Letters to the Editor

Overturning environmental regulations will raise health care costs

Scott Pruitt at his Senate confirmation hearing to head the Environmental Protection Agency on Capitol Hill in Washington, D.C., on Jan. 18, 2017.
Scott Pruitt at his Senate confirmation hearing to head the Environmental Protection Agency on Capitol Hill in Washington, D.C., on Jan. 18, 2017. New York Times file

As the debate about replacing the Affordable Care Act heats up, I don’t know if anyone has pointed out the connection between overturning environmental regulations and a sicker America.

Before the Environmental Protection Agency and other government departments regulated air and water, and before renewable energy began to replace fossil fuels, we had lung cancer and respiratory diseases from polluted air and cancers linked to unsafe drinking water. (Remember the movie “Erin Brokovich”?) Sewer runoff and garbage dumping led to ocean, lake and river fish that were dangerous to eat.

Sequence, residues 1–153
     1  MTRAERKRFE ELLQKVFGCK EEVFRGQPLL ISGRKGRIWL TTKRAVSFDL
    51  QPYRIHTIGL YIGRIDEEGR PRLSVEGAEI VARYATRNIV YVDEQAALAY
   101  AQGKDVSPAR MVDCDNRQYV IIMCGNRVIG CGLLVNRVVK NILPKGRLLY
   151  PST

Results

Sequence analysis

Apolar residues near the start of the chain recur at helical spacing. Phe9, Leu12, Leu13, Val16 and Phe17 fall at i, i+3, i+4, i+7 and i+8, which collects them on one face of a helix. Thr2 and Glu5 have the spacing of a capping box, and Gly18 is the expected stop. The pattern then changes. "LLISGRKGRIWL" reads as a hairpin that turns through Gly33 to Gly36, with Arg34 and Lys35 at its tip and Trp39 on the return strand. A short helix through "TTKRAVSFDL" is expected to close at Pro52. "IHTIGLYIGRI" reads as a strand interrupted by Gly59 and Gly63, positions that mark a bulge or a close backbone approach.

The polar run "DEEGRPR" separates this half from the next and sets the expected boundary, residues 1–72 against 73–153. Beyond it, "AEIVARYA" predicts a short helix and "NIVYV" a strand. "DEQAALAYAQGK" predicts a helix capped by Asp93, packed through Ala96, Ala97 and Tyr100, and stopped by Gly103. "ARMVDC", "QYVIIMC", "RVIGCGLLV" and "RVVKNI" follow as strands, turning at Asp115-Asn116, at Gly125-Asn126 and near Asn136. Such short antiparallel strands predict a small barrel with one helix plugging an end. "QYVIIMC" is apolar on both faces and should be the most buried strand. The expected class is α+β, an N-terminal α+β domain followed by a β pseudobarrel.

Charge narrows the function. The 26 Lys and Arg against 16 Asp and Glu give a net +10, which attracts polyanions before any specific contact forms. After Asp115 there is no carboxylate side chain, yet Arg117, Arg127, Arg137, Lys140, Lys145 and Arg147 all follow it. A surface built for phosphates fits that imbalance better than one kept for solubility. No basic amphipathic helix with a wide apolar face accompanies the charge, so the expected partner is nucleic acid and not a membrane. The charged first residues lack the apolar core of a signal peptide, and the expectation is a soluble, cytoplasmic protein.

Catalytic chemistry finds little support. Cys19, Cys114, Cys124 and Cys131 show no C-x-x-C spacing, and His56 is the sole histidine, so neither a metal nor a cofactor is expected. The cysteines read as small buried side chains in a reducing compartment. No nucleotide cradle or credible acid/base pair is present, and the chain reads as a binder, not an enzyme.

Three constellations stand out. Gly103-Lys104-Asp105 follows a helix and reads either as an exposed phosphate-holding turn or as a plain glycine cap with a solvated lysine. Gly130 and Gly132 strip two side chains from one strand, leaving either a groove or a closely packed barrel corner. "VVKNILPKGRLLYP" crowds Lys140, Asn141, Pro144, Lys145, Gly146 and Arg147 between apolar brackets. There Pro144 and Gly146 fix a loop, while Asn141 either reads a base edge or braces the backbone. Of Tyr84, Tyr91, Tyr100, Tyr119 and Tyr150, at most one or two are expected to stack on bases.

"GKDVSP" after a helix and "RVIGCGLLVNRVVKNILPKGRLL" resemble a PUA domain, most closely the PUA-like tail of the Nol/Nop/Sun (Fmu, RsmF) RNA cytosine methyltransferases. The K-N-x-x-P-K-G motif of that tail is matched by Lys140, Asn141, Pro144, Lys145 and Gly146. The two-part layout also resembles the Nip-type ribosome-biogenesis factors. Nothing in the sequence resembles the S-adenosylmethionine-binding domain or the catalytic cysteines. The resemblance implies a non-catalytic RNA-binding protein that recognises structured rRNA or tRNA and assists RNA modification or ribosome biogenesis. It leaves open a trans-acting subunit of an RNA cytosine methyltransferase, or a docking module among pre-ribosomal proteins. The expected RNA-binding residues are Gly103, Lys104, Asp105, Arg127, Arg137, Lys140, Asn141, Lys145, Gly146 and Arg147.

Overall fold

If President Donald Trump appoints foxes to guard the environmental henhouse and gives a red light to all federal agencies to limit or overturn environmental regulations, we will have a far sicker nation than we have now.

That would result in rising health care costs, and with cutbacks to Medicaid, etc., and an increased number of sick people not able to access treatment. If you add to this devil’s brew an obesity epidemic, people living longer with chronic conditions and Alzheimer’s, it’s hard to see how anything but a single-payer health care system would be able to handle it. And certainly not the system proposed by the Republicans to date.

Judith Bernstein, Arroyo Grande

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